Individuals with opioid use disorder (OUD) frequently use other substances, including cocaine. Opioid withdrawal is associated with increased likelihood of cocaine use, which may represent an attempt to ameliorate opioid withdrawal effects. Clinically, 30% of co-using individuals take opioids and cocaine exclusively in a sequential manner. Preclinical studies evaluating mechanisms of drug use typically study drugs in isolation. However, polysubstance use is a highly prevalent clinical issue and thus, we established a novel preclinical model of sequential oxycodone and cocaine self-administration (SA) whereby rats acquired oxycodone and cocaine SA in an A-B-A-B design. Somatic signs of withdrawal were evaluated at 0, 22, and 24h following oxycodone SA, with the 24h timepoint representing somatic signs immediately following cocaine SA. Preclinically, aberrant glutamate signaling within the nucleus accumbens core (NAcore) occurs following use of cocaine or opioids, whereby medium spiny neurons (MSNs) rest in a potentiated or depotentiated state, respectively. Further, NAcore glial glutamate transport via GLT-1 is downregulated following SA of either drug alone. However, it is not clear if cocaine can exacerbate opioid-induced changes in glutamate signaling. In this study, NAcore GLT-1 protein and glutamate plasticity were measured (via AMPA/NMDA ratio) following SA. Rats acquired SA of both oxycodone and cocaine regardless of sex, and the acute oxycodone-induced increase in somatic signs at 22h was positively correlated with cocaine consumption during the cocaine testing phase. Cocaine use following oxycodone SA downregulated GLT-1 and reduced AMPA/NMDA ratios compared to cocaine use following food SA. Further, oxycodone SA alone was associated with reduced AMPA/NMDA ratio. Together, behavioral signs of oxycodone withdrawal may drive cocaine use and further dysregulate NAcore glutamate signaling.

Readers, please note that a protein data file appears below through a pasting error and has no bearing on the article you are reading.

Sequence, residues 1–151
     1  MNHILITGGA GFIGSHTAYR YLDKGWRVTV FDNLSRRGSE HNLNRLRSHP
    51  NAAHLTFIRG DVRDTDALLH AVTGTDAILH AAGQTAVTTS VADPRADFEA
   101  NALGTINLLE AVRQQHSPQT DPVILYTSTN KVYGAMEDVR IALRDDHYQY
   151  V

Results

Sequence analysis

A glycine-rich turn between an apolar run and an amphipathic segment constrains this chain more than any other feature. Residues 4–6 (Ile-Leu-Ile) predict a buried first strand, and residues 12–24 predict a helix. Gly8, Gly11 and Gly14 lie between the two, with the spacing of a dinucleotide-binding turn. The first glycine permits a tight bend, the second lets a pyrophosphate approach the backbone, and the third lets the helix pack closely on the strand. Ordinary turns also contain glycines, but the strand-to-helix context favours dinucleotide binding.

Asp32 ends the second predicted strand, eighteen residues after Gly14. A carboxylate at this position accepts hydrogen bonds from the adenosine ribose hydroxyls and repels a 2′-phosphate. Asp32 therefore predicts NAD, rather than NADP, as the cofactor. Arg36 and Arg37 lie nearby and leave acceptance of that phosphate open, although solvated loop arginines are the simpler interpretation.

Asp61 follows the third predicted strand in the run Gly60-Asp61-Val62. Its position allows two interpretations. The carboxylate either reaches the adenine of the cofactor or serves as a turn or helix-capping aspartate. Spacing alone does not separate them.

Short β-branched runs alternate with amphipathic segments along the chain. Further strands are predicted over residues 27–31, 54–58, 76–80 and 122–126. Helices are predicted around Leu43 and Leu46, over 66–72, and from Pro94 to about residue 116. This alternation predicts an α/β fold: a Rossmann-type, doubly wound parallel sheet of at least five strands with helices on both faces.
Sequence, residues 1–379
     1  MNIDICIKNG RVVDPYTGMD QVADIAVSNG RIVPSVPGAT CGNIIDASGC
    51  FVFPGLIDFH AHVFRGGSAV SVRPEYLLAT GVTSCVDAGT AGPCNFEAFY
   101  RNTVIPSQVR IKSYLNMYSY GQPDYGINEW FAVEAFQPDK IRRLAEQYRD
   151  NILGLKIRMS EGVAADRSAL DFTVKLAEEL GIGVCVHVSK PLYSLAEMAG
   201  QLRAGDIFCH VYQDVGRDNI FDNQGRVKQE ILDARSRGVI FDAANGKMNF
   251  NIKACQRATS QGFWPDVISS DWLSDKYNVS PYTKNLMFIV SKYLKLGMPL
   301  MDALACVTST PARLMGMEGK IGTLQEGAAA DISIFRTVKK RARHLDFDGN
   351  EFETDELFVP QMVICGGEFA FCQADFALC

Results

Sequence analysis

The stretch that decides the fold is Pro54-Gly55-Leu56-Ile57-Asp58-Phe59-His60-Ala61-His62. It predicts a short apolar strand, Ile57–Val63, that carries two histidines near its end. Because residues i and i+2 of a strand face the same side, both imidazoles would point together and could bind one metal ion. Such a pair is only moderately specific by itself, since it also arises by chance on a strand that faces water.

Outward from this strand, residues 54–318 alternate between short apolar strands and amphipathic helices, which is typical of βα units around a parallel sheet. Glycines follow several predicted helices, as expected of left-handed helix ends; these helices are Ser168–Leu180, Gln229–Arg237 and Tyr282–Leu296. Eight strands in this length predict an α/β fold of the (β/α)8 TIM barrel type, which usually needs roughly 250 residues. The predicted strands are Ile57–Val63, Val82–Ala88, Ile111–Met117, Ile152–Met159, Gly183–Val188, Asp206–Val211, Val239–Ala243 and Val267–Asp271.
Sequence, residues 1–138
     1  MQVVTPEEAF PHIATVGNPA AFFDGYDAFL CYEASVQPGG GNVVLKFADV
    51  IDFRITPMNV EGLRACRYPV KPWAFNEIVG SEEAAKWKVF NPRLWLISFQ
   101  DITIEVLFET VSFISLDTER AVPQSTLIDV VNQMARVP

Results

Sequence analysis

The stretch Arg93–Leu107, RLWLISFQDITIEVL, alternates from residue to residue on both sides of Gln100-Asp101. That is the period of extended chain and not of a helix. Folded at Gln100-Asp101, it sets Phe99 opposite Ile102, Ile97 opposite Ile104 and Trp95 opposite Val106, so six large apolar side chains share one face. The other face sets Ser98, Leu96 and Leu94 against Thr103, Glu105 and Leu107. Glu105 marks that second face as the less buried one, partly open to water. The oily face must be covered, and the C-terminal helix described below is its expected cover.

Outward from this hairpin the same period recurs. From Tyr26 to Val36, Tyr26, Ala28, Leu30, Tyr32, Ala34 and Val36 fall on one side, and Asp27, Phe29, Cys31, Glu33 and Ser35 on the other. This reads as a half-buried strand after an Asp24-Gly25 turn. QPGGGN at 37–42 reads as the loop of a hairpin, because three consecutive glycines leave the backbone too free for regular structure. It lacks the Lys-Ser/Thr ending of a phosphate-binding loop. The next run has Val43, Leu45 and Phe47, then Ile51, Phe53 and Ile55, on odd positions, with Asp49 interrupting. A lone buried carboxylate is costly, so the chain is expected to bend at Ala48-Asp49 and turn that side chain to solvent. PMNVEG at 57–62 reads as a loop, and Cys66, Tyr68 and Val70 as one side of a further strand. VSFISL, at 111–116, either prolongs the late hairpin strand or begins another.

|State||Published - Jan 1 2024|
Bibliographical noteFunding Information:
This work was supported by the National Institutes of Health Grant DA055879 , DA044479 , DA046526 , DA058933 , and DA045881 (to CDG) and DA049130 (to WWS and CDG). All authors have no disclosures to declare.
© 2023 The Author(s)
- Glutamate plasticity
- Nucleus accumbens
ASJC Scopus subject areas
- Cellular and Molecular Neuroscience